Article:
One Thing I’d Change About the Oscars – Part 3: Graham Flanagan
Academy Adjustments is a series of posts that will run up until the March 2 Academy Awards. Each of the Film Nerds will detail what single change they would make to the Oscars if they were put in charge of the Academy. You can see Part 1 here and Part 2 here.
Today’s post comes from Graham Flanagan.
GIVE US FULL-LENGTH OSCAR CLIPS FOR PERFORMANCES.
If I could change one thing about the annual Academy Awards broadcast, it would be the lack of substantial video clips that showcase the performances of the nominated actors.
It seems that, over the years, the length of these clips has dwindled a great deal.
Future broadcasts should build time for clips lasting AT LEAST 20 seconds to allow the work for which the actors are nominated to be appropriately featured.
I remember watching Academy Awards broadcasts in the 1990s that included clips for the respective nominees that reminded the audience about the reason their names were being read.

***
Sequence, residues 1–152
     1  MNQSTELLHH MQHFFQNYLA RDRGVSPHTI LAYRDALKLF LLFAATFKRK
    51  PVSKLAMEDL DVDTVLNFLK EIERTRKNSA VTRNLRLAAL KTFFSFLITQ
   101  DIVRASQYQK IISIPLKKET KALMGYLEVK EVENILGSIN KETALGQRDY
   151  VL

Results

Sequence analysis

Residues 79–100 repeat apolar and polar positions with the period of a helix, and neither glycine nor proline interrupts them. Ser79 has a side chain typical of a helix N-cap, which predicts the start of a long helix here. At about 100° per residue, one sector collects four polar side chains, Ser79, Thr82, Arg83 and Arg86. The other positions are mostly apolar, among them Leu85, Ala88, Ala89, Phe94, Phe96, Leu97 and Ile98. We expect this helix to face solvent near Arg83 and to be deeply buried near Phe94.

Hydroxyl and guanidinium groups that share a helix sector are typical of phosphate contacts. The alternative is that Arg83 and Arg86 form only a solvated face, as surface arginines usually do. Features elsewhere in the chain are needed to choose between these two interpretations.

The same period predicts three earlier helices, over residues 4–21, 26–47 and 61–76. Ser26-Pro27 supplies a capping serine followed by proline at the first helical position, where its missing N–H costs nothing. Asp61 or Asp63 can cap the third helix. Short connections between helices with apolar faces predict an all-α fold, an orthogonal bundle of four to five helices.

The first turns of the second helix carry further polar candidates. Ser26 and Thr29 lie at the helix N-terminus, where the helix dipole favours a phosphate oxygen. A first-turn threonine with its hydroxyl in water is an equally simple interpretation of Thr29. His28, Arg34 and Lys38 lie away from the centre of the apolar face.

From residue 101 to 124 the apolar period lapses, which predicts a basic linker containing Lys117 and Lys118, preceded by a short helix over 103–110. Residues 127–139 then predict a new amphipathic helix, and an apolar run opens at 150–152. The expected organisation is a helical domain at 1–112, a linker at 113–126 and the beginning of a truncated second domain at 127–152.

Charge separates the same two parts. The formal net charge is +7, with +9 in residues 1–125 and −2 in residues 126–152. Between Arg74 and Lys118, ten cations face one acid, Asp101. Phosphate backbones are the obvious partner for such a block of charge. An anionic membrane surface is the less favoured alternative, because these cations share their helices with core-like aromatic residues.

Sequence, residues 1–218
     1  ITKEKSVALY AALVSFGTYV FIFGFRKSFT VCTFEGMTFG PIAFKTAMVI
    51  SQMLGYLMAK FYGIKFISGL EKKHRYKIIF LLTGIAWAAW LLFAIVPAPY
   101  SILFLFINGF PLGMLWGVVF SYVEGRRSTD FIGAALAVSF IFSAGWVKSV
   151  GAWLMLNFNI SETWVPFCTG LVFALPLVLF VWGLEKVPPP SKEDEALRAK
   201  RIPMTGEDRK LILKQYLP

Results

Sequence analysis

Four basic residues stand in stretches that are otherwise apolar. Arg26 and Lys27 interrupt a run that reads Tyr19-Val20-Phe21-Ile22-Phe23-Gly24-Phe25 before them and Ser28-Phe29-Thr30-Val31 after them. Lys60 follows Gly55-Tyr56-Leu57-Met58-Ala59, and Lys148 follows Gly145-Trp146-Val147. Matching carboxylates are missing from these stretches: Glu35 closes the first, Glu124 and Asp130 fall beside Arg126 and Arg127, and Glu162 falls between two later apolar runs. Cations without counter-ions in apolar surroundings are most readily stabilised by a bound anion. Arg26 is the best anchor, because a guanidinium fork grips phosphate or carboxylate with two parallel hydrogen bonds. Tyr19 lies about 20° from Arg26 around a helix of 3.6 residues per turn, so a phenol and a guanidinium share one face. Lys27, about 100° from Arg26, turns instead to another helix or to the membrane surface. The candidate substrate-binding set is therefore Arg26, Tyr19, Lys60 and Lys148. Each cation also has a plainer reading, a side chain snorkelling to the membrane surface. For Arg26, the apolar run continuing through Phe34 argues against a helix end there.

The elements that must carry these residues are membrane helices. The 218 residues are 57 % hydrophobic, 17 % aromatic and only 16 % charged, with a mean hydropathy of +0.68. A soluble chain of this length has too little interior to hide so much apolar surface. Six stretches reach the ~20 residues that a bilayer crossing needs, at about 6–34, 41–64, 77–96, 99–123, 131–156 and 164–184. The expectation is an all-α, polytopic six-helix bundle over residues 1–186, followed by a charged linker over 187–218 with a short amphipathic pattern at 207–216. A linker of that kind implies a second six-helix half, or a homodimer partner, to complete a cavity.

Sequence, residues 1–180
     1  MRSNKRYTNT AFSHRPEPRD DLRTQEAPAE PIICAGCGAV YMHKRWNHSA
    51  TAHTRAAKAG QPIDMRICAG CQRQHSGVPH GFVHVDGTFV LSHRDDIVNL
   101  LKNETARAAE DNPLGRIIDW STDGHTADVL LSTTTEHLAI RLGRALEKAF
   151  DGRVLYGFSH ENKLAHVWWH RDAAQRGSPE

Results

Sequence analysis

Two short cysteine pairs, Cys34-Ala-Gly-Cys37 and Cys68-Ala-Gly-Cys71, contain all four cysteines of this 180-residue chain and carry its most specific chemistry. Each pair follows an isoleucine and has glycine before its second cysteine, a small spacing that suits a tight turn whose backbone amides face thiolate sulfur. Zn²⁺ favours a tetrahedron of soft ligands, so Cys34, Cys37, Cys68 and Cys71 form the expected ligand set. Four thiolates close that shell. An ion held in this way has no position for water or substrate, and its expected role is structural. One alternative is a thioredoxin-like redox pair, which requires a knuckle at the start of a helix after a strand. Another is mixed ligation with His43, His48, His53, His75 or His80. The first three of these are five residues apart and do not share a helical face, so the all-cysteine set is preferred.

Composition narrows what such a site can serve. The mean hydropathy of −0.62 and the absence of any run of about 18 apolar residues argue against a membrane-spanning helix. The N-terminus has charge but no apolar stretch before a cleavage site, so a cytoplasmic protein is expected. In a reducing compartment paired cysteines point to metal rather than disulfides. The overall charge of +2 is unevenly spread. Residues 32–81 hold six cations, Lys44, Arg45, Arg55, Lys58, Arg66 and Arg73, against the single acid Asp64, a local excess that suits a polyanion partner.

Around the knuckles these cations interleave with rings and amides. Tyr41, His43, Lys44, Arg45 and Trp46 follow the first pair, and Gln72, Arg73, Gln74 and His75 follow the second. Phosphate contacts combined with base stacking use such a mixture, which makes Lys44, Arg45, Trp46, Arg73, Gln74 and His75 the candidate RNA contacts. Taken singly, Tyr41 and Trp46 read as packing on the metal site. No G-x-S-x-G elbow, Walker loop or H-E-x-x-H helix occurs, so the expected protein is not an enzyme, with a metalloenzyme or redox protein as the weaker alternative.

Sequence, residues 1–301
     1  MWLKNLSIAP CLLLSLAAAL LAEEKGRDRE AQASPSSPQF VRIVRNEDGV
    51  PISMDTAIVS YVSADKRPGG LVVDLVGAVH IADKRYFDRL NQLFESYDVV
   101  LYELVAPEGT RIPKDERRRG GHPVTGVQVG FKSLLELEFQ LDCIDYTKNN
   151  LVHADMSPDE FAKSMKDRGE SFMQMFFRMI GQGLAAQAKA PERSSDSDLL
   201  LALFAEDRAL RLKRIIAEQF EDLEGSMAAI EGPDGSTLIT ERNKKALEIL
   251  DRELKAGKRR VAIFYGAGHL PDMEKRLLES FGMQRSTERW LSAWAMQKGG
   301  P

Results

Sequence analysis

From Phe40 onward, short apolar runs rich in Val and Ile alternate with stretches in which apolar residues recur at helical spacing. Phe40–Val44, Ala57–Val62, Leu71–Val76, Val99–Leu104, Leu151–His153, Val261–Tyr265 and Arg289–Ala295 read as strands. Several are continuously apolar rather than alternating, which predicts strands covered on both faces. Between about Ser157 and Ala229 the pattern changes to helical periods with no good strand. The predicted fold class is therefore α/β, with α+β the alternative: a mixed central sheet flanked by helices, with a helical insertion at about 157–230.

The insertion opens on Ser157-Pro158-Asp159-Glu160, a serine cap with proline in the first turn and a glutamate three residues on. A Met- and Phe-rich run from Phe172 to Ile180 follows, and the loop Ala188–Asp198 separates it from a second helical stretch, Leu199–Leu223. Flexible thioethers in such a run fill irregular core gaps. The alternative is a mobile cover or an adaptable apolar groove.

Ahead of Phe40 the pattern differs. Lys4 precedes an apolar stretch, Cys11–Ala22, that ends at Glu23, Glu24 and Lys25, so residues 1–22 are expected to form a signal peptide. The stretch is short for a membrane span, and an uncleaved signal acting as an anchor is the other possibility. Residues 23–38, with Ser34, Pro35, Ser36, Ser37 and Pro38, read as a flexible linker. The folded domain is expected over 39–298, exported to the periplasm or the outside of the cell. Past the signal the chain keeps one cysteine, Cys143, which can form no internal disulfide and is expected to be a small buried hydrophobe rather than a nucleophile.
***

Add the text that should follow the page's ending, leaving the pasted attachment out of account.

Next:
It also created an opportunity, in the pre-internet age, to give people watching in smaller markets a chance to see samples of the nominated work that had yet to make it to their local multiplexes.
I remember Oscar clips in those days running much longer than the ones we see today, and I always enjoyed hearing the crowd’s reactions.
The Oscars’ official YouTube page (an essential resource) removed the movie clips from ceremonies gone by due to licensing reasons. However, I found one YouTube user called Mr Awards Man who seems to understand exactly what I’m talking about.
He’s created a series of nostalgic montages that recreate the way in which Oscar clips were delivered in older broadcasts.
Here’s his montage for Best Supporting Actor in 1995:
Hopefully the producers of this year’s show will return to a similar format. That is undoubtedly a difficult task, though, since the show is always injected with so much superfluous fluff that the clips showcasing the nominated performances are elements that can be easily excised in order to be done before the 11 ‘o Clock news.
It’s every actor’s dream to be nominated for an Academy Award. One would hope the Academy would take the time to remind the audience how the lucky few in attendance actually achieved that goal.
Graham Flanagan is a senior video producer at BusinessInsider.com. Follow him on Twitter at @Graham_Cam, and listen to his recent Aspect Radio contributions, where he discusses the work of Philip Seymour Hoffman and the truth behind IMAX’s variable screen sizes.